When I ponder the future of solos, I fear most not for the newer solos who know too little, but rather, older solos who know too much. If you don’t know what I mean, spend a few minutes on any bar association list serve, or attend a practice panel at a solo bar event where you’ll hear talk about why online document services suck (without ever bothering to figure out why they’ve gained so much traction) or complain about “tire-kicker” clients who choose a lawyer based on price – without realizing that consumers price-shop flights, hotels and other products and services online. Now some of these solos can afford to be smug as they wind down their practices. But in a world that’s changing at an exponential pace, the solos of my generation or after can no longer afford to rest on our laurels, expecting the same benefits that experience once conferred.
In his latest book (which I’m partially through) Thank You For Being Late, Thomas Friedman observes that we live an Age of Acceleration, propelled by the Market, Mother Nature (as in climate change) and Moore’s Law. Like Heraclites, in today’s world, we will never step in the same river twice – either because the river itself has changed, or it’s changed us.
As the saying goes, “shift happens” for everyone – but for lawyers who value experience and precedent over nimbleness and change, it’s harder – as the acceleration age has washed away many of the moorings that guided us. The tech industry views things differently – it embraces change and rewards those who change with it. That was the secret to my brilliant husband ‘s successful computer software career where older guys often grow obsolete: every two years or so, my husband would master a new language – from java and C+ to rules-based programming, python, hadoop & big data and most recently cryptography (for bitcoin). Steve Jobs celebrated learning as well; embracing the lightness of being a beginner again .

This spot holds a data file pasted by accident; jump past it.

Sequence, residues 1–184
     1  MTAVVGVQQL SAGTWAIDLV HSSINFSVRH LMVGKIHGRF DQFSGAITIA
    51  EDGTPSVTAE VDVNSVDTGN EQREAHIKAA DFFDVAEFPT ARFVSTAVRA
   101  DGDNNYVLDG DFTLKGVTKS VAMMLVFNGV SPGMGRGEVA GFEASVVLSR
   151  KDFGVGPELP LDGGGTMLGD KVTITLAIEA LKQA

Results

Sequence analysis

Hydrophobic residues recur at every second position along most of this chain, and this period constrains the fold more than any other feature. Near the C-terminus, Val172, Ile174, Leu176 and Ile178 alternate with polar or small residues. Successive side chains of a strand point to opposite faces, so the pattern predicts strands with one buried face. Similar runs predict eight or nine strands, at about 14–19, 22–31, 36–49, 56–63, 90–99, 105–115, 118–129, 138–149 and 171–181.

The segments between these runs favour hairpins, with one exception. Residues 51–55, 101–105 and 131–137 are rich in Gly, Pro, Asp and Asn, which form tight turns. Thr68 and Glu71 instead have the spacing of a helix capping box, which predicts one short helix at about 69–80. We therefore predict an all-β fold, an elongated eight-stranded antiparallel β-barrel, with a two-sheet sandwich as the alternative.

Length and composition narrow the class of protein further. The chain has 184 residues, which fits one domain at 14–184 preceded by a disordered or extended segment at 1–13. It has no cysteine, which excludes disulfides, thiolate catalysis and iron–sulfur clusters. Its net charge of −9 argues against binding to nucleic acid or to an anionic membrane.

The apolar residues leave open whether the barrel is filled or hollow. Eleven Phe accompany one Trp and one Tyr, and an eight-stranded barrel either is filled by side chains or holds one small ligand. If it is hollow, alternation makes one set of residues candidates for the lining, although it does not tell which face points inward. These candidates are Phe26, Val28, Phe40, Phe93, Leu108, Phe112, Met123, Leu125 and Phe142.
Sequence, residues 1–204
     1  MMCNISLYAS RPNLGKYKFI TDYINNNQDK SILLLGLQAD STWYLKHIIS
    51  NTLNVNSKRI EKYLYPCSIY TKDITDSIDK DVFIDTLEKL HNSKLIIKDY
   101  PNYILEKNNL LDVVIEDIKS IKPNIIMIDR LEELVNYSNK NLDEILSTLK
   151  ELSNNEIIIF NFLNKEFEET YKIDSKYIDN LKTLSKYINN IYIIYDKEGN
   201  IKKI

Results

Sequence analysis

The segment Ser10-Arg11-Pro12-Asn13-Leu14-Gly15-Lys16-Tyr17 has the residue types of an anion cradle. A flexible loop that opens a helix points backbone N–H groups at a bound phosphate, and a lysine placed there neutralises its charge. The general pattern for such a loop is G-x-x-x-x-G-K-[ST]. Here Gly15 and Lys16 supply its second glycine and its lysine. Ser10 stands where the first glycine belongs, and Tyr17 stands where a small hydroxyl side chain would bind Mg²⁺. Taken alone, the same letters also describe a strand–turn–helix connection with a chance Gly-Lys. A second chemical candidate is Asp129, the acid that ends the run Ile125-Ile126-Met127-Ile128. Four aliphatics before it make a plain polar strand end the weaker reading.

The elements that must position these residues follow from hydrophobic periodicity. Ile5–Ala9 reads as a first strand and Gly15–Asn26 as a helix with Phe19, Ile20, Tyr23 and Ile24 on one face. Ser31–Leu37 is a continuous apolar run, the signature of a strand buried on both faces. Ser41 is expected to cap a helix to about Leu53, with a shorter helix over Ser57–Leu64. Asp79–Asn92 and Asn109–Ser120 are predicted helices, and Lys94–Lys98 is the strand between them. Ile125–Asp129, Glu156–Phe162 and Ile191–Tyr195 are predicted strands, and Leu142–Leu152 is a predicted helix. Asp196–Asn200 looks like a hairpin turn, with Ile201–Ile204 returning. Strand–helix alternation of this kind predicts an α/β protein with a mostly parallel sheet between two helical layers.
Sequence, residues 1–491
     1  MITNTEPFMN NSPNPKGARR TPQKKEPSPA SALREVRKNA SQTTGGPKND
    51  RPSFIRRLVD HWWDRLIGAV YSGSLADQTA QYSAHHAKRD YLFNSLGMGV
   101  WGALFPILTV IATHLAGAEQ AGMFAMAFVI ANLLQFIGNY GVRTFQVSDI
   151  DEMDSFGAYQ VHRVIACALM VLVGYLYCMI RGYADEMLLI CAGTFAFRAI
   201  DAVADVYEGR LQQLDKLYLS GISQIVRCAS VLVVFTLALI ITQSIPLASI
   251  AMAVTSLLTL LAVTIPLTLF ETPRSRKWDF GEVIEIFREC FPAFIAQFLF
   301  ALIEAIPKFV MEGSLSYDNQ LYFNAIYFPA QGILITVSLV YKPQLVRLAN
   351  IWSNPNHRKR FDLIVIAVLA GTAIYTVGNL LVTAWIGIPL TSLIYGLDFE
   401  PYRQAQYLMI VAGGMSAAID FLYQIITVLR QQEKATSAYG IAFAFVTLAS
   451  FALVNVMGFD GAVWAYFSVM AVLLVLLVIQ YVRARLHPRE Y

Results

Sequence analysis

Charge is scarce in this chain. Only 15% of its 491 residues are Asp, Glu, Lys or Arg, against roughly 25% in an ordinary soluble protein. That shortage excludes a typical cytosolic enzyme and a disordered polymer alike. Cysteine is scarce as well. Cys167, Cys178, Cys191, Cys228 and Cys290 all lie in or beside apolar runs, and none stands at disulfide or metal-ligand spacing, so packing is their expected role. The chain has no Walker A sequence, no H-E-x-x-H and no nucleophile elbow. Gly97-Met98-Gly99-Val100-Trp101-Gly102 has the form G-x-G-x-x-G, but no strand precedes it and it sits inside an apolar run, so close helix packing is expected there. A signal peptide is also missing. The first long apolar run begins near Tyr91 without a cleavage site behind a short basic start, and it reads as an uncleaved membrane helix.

I’m not sure that the legal profession will ever have the vision to understand what new perspective brings to the table. Who cares? For solos who want to be sustainable, we must – as Thomas Friedman argues – become lifetime learners. For the record, CLE isn’t learning – most substantive CLEs are refresher courses that polish what lawyers already know. Instead, lawyers should be looking to the types of learning endorsed by Mark Cohen, who writes about the challenge of retraining practicing lawyers for a new marketplace. Cohen advocates a holistic approach where lawyers integrate lessons from technology and business to make themselves more useful in today’s world.
But lifetime learning doesn’t even have to involve learning new skills, so much as gaining new perspectives. Just a few days ago, I came across this article on John Morton Finney, an African American attorney who died in 1998, at the age of 108. Not only did Finney practice law until he was 106, but along the way, he learned six languages and earned 11 bachelor’s degrees in a variety of subjects including French, history and mathematics. Extraordinary.
What new skills will you will you learn to keep your practice fresh?